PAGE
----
Creating sensory signatures across multiple senses doesn’t just ADD to the impact of a brand, but can MULTIPLY the effects of individual elements to create a huge impression. The brain is a pattern recognition machine, and looks for familiar patterns irrespective of the sensory channel. When the different sensory channels detect conflicting patterns, they can cancel each other out or lead to customer confusion. However, when those patterns are consistently sending the same message, the effects are super-additive (i.e. the total impact is much more than the sum of the individual parts).
8) In a crowded visual environment, it makes sense to use more than visual identity
Most brands focus on their visual identity, but there’s much more to identity than appearance. More importantly, when everyone else is vying to be noticed in a crowded visual environment, then anything that grabs attention through other means has a much greater chance of being noticed. Even more so, when the same pattern is sent through multiple touch points (see above).
9) The mind is not separate from the body, but deeply connected to the physical world
The idea of embodied cognition has really taken off recently. After hundreds of years of mis-direction from Descartes, the world has woken up to the fact that the brain is not separate from the body, but part of it. The brain is really only the central coordinator of our body’s central nervous system, which goes from the top of our head to the tips of our toes. The information collected from this system and processed by the brain has one use – to ensure that our body is sensitive to the context of our environment and adjust our behaviour appropriately. The mind and the senses are all part of the same system that helps us find and identify everything important to our survival.
10) The senses provide clues about the usefulness of ‘stuff’
I read a recent paper which looked at the ways in which the brain processes information from different senses that concluded, “the brain is a task machine, not a sensory machine”. It’s important to remember that ‘visual perception’ (or any sense) is not a function, or at least not a function that is useful to you and me. ‘Finding other people’, ‘differentiating happy and sad faces’ and ‘finding an appropriate partner’ are far more useful functions. The brain is focused on goals, and the senses help us to to identify those things in the environment that are relevant to our goals. Moreover, the brain will use information from any of the senses – in the case of the paper, sound and vision were interchangeable (you can hear or touch people, happiness, sadness, etc as well as you can see them!).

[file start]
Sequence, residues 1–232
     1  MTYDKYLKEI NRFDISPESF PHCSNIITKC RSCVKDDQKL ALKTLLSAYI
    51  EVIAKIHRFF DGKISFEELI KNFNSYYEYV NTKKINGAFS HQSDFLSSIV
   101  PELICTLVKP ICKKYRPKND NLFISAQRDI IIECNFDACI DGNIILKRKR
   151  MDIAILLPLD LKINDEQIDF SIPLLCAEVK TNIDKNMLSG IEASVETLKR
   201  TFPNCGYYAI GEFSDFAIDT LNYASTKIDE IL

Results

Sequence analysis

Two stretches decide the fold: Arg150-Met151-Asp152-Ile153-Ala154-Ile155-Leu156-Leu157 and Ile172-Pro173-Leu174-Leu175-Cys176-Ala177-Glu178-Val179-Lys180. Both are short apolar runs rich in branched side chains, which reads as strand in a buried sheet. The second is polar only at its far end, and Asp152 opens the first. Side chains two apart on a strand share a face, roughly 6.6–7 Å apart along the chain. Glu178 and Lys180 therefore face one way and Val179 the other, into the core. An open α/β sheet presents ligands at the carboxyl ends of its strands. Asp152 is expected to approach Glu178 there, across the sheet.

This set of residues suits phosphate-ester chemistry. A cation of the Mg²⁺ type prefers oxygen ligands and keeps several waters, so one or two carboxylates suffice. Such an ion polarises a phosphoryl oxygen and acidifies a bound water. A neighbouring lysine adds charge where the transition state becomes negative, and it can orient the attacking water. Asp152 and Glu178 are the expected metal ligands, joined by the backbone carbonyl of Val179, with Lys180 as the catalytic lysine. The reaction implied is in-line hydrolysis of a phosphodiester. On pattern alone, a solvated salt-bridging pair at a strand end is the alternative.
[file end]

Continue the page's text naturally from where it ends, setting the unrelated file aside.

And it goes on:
11) The better the experience, the more likely the customer will return
The most important reason is the most obvious one. The more customers enjoy the experience of a brand, the more likely they are to come back. This is as true today as it’s ever been, and while creating great experiences doesn’t guarantee customer loyalty (as Byron Sharp has clearly shown), if the experience is relevant and meaningful, then it will make a brand more salient, and more likely to be remembered and chosen again. For example, research on different product categories like shoes has shown that even if something is chosen based on its appearance, the way the product feels when used is a better predictor of future use. We all know this is true – how many beautiful shoes have you bought only to go back to wearing the same pair of comfortable loafers again and again? While looking good gets you attention, create a great feeling when being used (in this case feeling comfortable) is the key to making sure that someone comes back again and again.
Sensory marketing is not just a gimmick or a ‘nice to have’ part of your marketing activities. It can make the difference between being passed over or picked up, and between one time trial and repeat buying. I’ve never believed in ‘brand love’ but I do believe that building a stronger emotional connection with customers is the best way to increase your chances of success. And if you want to create an emotional connection, the senses are far more powerful than any message you can send.
You can read more about the business of sensory marketing in Brand esSense.
Sensory Marketing: Research on the Sensuality of Products by Aradhna Krishna
Emotionomics by Dan Hill
The Meaningful Brand by Nigel Hollis